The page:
Parents expressed concern that behavior is disrupting learning. First, we must all ensure that we are clear about expected behavior, explicitly teach what the behavior looks like, and intervene when behavioral expectations are not followed. BPS has a philosophy that "kids do well if they can." In other words, if a student is unable to demonstrate an expected behavior, typically it means that the student has a lagging skill in that area that requires instruction and support. BPS is providing this support in the following ways:
Educators are explicitly teaching expected behaviors.
Counselors and administrators intervene when a student is unable to meet expectations. Follow up could include discipline, counseling, or further instruction regarding the expected behavior.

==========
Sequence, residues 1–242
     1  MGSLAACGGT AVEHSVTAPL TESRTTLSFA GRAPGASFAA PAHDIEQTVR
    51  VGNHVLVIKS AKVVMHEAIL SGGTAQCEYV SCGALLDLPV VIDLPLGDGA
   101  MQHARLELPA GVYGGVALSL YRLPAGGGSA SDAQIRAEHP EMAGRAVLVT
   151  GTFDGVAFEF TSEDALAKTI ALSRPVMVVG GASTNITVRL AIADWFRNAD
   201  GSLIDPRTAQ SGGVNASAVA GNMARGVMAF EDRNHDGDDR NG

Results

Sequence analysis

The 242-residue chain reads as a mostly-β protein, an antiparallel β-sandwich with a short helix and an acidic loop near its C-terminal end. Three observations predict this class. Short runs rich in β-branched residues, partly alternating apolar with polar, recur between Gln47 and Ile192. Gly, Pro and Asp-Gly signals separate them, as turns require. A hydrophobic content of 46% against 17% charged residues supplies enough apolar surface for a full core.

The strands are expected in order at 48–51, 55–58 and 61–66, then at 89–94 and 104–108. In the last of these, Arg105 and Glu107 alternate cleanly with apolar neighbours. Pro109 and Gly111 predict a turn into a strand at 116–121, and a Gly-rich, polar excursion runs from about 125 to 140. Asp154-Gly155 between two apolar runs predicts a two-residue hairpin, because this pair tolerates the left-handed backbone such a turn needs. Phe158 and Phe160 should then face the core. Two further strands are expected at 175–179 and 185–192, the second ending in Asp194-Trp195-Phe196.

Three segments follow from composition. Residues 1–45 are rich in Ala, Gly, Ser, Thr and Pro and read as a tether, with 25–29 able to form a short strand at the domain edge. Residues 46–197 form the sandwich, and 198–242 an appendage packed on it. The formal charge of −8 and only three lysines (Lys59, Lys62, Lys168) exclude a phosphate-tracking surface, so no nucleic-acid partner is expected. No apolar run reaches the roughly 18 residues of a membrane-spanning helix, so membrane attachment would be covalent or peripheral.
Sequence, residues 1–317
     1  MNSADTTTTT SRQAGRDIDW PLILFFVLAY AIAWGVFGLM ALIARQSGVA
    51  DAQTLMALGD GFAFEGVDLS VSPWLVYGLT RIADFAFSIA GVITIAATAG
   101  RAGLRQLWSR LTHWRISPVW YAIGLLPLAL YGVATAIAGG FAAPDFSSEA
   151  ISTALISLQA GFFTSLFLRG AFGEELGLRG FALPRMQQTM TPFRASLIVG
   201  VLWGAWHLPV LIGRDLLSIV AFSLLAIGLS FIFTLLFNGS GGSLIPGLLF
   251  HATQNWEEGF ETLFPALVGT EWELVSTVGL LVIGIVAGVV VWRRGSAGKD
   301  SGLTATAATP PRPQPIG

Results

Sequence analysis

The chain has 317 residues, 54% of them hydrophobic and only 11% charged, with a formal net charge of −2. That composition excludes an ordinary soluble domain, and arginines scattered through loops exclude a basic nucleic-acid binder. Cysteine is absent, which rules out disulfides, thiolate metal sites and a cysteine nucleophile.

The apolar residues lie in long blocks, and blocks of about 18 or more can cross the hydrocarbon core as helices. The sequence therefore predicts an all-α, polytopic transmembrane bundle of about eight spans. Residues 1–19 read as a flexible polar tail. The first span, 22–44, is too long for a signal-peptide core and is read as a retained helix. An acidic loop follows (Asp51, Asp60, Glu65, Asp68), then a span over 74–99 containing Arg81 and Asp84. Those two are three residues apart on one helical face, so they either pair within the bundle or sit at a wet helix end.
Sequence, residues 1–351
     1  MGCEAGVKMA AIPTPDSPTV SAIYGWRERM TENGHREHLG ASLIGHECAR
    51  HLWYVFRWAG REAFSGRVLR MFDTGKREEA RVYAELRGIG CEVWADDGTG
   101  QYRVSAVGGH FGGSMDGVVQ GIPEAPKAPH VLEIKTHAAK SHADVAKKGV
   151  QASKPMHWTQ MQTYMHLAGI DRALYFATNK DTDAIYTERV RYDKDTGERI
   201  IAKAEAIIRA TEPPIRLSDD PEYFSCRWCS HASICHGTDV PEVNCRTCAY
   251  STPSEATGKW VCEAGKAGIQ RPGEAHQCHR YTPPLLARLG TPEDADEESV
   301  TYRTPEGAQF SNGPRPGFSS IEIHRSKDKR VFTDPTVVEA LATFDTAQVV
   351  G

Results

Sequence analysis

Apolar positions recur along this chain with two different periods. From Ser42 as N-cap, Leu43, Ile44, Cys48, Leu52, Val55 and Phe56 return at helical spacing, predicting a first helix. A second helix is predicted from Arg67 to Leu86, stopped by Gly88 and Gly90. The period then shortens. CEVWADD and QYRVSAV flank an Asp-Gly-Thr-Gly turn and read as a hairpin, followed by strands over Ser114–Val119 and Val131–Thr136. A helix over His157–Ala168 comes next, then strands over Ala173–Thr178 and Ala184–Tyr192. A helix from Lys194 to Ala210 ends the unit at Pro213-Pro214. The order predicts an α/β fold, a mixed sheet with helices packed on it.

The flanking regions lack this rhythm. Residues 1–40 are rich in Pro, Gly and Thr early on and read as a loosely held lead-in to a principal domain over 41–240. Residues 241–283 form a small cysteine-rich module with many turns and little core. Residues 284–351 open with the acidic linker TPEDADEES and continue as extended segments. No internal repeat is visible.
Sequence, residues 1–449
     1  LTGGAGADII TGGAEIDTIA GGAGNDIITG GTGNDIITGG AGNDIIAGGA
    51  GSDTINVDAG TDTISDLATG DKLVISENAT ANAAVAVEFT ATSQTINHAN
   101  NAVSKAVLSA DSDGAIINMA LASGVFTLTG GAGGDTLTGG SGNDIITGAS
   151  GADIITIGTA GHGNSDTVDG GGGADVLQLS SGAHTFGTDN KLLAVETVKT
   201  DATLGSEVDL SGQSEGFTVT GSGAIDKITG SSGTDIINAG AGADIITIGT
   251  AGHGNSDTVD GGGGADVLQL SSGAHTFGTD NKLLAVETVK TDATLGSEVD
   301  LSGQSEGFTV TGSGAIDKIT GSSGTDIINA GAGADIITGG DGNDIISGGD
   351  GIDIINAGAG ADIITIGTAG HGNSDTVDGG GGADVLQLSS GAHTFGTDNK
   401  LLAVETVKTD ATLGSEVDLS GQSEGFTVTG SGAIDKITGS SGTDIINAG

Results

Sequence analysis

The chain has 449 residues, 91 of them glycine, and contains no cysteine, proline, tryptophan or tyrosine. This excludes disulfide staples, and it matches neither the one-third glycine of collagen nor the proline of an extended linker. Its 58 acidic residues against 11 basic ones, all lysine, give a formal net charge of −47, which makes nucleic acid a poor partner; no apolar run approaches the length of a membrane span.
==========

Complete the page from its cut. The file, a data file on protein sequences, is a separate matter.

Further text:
Educators have participated in various trainings to support expected behavior, including Think:Kids through Mass General teaches Collaborative Problem Solving, an evidence-based approach for helping children with behavioral challenges (preK-12); Responsive Classroom where they learn strategies that create a more positive learning environment, and nurture a sense of belonging and emotional safety, and evidence based social-emotional curriculum preK-8.
Two additional counselors have been added to BIS and BUE this year.
Social Emotional Academic Development (SEAD) coaches are at every grade level to aid teachers and administrators with supporting the behavioral needs of BPS students.